Michael Cohen: Trump’s lawyer advised me to lie about Moscow tower project

Michael Cohen, Donald Trump’s former lawyer, pleaded guilty last year and is serving a three-year prison sentence.

Donald Trump’s former fixer Michael Cohen told Congress it was Trump’s personal attorney, Jay Sekulow, who suggested he tell lawmakers that the negotiations for Trump Tower Moscow ended in January 2016, even though they continued for months after that.

The House intelligence committee on Monday released two transcripts of closed-door interviews with Cohen from earlier this year, along with some exhibits from the testimony. Cohen, who is serving a three-year prison sentence, pleaded guilty last year and admitted that he misled Congress by saying he had abandoned the Trump Tower Moscow project months earlier than he actually did.

During the interviews, legislators repeatedly pressed Cohen for details on his false statement to Congress and tried to nail down whether he was directly told by Trump’s legal team to mislead the committee, but the transcripts provide no slam-dunk evidence.

Cohen offered no direct evidence that Sekulow knew the January 2016 date we false, but Cohen claims Sekulow should have known because he had access to relevant emails and other communications as part of an agreement between defense attorneys to share documents.

Attorneys for Sekulow said Cohen’s testimony was not credible.

“Michael Cohen’s alleged statements are more of the same from him and confirm the observations of prosecutors in the Southern District of New York that Cohen’s ‘instinct to blame others is strong’,” Sekulow’s lawyers, Jane Serene Raskin and Patrick Strawbridge, said in a statement.

Cohen said Trump also knew the negotiations had continued far beyond January 2016 and that Sekulow had seen his testimony in advance of submission. He also claimed that Sekulow edited the statement and that both Sekulow and Trump approved it. Cohen also provided documents to the intelligence panel that showed the editing process for the statement.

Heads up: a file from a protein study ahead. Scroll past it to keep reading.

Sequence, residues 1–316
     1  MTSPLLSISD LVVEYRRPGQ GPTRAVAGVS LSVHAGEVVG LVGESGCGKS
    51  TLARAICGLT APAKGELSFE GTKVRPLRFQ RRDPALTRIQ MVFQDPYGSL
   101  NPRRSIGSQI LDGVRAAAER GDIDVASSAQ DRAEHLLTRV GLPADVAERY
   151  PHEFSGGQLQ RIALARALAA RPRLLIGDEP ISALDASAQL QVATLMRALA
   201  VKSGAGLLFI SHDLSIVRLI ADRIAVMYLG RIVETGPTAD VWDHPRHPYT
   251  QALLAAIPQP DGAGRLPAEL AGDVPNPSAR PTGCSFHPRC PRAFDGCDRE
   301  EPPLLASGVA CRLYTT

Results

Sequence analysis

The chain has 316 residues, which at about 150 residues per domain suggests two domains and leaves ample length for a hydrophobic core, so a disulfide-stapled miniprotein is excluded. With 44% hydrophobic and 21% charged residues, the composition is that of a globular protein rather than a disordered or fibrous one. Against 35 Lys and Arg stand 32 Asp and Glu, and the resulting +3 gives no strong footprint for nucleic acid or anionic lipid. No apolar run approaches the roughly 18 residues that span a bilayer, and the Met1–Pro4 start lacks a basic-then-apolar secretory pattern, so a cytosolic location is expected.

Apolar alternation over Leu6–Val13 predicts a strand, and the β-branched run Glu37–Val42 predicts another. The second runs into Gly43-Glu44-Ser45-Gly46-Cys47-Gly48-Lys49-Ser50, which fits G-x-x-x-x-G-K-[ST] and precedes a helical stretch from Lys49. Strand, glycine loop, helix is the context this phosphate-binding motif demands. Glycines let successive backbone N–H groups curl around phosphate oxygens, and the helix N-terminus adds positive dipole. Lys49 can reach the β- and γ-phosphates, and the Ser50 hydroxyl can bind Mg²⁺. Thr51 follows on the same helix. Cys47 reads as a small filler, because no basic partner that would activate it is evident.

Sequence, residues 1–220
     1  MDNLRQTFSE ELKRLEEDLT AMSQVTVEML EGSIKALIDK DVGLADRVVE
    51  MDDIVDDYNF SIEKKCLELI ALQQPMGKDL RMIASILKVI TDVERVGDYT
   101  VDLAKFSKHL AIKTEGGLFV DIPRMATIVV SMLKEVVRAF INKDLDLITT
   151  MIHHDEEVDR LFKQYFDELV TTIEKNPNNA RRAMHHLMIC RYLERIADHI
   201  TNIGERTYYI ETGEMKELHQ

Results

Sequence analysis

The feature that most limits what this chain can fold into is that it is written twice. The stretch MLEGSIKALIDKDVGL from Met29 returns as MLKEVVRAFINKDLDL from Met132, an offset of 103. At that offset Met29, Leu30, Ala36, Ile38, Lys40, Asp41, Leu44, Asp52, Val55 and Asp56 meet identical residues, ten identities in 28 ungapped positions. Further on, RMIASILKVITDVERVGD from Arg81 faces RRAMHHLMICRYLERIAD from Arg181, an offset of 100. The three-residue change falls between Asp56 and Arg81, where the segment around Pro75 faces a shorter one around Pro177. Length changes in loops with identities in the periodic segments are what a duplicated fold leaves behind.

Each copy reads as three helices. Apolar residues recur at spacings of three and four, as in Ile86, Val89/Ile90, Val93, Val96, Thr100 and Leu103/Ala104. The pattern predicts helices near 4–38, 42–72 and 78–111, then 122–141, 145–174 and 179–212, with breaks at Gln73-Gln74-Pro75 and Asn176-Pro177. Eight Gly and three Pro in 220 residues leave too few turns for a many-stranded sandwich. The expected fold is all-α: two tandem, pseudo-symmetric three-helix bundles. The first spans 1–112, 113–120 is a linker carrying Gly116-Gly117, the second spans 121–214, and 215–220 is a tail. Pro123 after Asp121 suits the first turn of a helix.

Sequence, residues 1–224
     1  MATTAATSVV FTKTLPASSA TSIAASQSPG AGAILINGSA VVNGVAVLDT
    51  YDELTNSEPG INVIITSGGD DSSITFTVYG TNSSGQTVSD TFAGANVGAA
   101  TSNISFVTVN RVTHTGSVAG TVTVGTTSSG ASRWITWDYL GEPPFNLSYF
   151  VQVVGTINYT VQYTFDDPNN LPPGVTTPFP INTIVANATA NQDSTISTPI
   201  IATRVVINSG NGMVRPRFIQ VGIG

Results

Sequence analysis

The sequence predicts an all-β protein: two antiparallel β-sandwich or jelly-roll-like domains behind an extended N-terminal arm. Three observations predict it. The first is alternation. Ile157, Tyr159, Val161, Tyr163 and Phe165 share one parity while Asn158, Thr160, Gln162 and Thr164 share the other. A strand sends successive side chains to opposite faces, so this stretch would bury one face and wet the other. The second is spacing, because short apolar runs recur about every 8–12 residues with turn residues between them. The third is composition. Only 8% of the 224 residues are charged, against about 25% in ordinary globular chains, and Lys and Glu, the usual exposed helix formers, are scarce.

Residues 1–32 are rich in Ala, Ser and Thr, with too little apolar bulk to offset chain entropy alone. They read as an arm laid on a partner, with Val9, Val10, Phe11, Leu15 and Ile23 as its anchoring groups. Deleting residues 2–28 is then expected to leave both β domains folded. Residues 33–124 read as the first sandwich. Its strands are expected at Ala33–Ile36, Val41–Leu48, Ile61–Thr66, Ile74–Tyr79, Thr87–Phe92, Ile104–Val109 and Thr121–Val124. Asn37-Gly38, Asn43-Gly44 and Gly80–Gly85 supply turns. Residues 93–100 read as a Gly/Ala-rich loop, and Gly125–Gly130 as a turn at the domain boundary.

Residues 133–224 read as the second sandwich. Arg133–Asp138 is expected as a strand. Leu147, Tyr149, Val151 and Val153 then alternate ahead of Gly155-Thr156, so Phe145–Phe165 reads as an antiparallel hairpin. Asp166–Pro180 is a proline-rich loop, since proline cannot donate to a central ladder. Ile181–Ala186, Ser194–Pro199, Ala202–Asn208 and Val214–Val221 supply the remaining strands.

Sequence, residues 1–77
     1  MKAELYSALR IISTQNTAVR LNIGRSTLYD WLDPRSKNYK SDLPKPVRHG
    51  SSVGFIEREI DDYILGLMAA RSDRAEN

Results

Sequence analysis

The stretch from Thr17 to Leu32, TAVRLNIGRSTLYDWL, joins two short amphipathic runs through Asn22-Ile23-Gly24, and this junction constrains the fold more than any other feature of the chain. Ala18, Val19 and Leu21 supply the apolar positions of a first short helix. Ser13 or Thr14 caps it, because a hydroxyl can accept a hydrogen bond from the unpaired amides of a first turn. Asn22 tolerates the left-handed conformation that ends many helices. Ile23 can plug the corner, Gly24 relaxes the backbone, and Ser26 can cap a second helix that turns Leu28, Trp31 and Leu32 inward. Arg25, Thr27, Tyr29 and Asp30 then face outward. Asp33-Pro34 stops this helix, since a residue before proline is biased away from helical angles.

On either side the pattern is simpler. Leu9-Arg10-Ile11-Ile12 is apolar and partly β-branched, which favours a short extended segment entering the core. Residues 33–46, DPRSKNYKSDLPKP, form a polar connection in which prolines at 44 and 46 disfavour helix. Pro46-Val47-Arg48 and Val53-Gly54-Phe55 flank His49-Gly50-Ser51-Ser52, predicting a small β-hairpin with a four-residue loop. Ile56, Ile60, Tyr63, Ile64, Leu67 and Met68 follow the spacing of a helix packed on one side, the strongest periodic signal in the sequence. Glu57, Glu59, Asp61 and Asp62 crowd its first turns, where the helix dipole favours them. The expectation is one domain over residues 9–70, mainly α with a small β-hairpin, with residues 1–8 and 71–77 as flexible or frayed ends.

When asked whether Trump had read his “false written testimony”, Cohen replied: “Mr Sekulow said that he spoke to the client and that, you know, the client likes it and that it’s good.”

In addition to the questioning about his false testimony, much of the discussion during Cohen’s interviews related to pardons and whether Trump or his lawyers were dangling them in front of Cohen as the government began to investigate him.

Attorneys for Sekulow said Cohen’s testimony was not credible.

“Michael Cohen’s alleged statements are more of the same from him and confirm the observations of prosecutors in the Southern District of New York that Cohen’s ‘instinct to blame others is strong’,” Sekulow’s lawyers, Jane Serene Raskin and Patrick Strawbridge, said in a statement.

Cohen said Trump also knew the negotiations had continued far beyond January 2016 and that Sekulow had seen his testimony in advance of submission. He also claimed that Sekulow edited the statement and that both Sekulow and Trump approved it. Cohen also provided documents to the intelligence panel that showed the editing process for the statement.

When asked whether Trump had read his “false written testimony”, Cohen replied: “Mr Sekulow said that he spoke to the client and that, you know, the client likes it and that it’s good.”

In addition to the questioning about his false testimony, much of the discussion during Cohen’s interviews related to pardons and whether Trump or his lawyers were dangling them in front of Cohen as the government began to investigate him.

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